Demographic data across the control, PACS, and PAC/PACG groups were compared using analysis of variance for means and the χ 2 test for proportions. To compare IOP and SS-OCT parameters across 3 groups, we used generalized linear models, and generalized estimating equations were used to account for intereye correlation among patients with 2 eligible eyes. To account for increasing disease severity from the control, PACS, and PAC/PACG groups, linear trend P value was calculated for comparison across these 3 groups by assigning an equally spaced increasing scale to them.

We performed univariable and multivariable logistic regression modeling to evaluate the association between clinical and SS-OCT findings in PACD. From univariable logistic regression models, we calculated the area under the receiving operating characteristic curve (AUC) to summarize the diagnostic power of each clinical and SS-OCT parameter in distinguishing between groups. The sensitivity and specificity for discriminating PACD using various SS-OCT parameters were calculated to determine the optimal cutoff point that provides sufficiently high sensitivity and specificity. For the multivariable logistic regression modeling, only variables with < .05 were kept in in the final multivariable model for calculating the AUC, sensitivity, and specificity. To account for intereye correlation, the clustered bootstrap method was used to derive the 95% confidence intervals (CIs) for AUC, sensitivity, and specificity. All statistical analyses were performed using SAS software (SAS Institute Inc), and 2-sided P < .05 without correcting for multiple comparisons was considered statistically significant.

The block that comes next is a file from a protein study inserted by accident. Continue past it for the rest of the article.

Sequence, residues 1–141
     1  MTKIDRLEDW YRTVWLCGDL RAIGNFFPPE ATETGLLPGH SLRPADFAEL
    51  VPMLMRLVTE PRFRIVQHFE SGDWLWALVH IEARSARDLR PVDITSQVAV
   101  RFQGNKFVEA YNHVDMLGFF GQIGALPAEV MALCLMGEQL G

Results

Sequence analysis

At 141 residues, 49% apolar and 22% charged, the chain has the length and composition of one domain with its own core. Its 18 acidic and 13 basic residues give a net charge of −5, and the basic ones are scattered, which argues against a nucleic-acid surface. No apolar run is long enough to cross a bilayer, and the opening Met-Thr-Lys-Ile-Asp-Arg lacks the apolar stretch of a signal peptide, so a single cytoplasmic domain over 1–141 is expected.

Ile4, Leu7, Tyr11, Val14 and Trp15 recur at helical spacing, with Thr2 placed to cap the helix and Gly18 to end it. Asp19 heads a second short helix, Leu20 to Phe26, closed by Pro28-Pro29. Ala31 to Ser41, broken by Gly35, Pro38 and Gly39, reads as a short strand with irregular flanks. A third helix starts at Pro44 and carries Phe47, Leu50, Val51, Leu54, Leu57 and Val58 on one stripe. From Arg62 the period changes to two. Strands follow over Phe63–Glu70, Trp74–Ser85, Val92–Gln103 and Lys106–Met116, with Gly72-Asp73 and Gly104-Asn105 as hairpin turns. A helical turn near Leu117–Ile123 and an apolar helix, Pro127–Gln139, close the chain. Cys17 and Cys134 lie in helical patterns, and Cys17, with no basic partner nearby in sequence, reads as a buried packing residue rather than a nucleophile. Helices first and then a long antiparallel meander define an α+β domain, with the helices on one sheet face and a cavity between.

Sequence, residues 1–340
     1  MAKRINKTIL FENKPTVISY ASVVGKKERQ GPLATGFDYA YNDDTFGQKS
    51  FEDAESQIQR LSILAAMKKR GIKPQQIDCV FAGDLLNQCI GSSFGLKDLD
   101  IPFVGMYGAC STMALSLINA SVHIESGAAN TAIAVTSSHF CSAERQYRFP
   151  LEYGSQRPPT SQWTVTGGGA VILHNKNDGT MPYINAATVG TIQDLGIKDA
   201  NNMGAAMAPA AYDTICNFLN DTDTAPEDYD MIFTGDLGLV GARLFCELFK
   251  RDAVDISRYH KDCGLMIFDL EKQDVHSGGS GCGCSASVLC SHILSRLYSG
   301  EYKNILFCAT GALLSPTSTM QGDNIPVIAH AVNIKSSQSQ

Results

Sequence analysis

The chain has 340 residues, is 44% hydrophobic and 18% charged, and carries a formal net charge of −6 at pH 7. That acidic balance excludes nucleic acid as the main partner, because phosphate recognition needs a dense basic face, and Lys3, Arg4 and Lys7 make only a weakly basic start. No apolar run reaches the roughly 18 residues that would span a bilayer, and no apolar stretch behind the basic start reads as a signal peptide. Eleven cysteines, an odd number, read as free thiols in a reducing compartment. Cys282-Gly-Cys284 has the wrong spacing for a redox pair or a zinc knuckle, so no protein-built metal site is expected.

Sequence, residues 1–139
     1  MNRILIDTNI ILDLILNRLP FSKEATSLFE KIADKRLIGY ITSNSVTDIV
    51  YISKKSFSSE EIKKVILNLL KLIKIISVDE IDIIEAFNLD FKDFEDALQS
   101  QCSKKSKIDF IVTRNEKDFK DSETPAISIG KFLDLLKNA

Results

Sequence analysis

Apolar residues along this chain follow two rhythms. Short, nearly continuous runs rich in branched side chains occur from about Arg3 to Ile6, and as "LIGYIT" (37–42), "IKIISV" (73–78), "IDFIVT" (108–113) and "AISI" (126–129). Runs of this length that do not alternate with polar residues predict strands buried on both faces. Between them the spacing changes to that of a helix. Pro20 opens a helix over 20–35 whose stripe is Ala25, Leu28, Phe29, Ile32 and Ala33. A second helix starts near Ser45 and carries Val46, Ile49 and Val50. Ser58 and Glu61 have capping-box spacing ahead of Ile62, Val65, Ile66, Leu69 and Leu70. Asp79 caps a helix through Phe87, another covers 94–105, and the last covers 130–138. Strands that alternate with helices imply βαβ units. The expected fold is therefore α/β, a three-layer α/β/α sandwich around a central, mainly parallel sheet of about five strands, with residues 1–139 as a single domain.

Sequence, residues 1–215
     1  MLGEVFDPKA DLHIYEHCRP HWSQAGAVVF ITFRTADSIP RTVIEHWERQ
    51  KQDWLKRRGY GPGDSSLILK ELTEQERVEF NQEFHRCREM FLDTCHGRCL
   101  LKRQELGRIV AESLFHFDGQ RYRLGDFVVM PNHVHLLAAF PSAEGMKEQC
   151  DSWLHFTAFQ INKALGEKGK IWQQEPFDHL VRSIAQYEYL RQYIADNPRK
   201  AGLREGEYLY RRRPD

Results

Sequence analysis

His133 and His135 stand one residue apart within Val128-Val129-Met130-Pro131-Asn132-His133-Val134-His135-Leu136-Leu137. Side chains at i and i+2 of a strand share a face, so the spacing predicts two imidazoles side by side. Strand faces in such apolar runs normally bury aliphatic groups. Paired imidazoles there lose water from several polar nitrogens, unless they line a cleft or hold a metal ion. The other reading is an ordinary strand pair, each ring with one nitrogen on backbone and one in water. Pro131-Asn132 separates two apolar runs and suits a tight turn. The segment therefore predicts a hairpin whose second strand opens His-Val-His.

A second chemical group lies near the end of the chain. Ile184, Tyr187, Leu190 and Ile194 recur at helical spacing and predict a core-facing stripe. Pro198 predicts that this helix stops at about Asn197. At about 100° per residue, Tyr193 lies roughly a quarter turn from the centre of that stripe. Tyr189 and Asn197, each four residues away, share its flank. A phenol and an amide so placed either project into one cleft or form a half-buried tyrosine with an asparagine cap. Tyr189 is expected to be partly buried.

The training dataset included 2928 SS-OCT images from 366 eyes of 260 patients: 152 control eyes, 86 eyes with PACS, and 128 eyes with PAC/PACG ( Table 1 ), among which data collected from 40 eyes with PACD were also used in another study (ie, an additional 174 eyes with PACD were newly added to the current study to build the statistical model). All participants were Chinese. The mean (± SD) age was 59.8 ± 13.1 years with no significant age difference across groups (trend P = .81), though there were more females in the PACS and PAC/PACG groups compared with the control subjects (77.9% vs 71.9% vs 53.3%; trend P = .009). Mean IOP (± SD) was 14.2 ± 3.3 mmHg in the control group, 14.2 ± 3.2 mmHg in the PACS group, and 20.5 ± 10.1 mmHg in the PAC/PACG group, with a significant difference across groups (trend P < .001) as well as between the PACS and PAC/PACG groups ( P < .001).


Demographics in the Control, PACS, and PAC/PACG Groups

Control PACS PAC/PACG Linear Trend P Value for Control, PACS, and PAC/PACG P Value for PACS vs PAC/PACG
Training set (eyes), N 152 86 128
Age (y) .81 .052
Mean (SD) 59.4 (16.0) 61.9 (8.3) 58.8 (11.7)
Sex, n (%) .009 .30
Female 81 (53.3) 67 (77.9) 92 (71.9)
Male 71 (46.7) 19 (22.1) 36 (28.1)
IOP (mmHg) <.001 <.001
Mean (SD) 14.2 (3.3) 14.2 (3.2) 20.5 (10.1)
Validation set (eyes), N 56 64 27
Age (y) .001 .21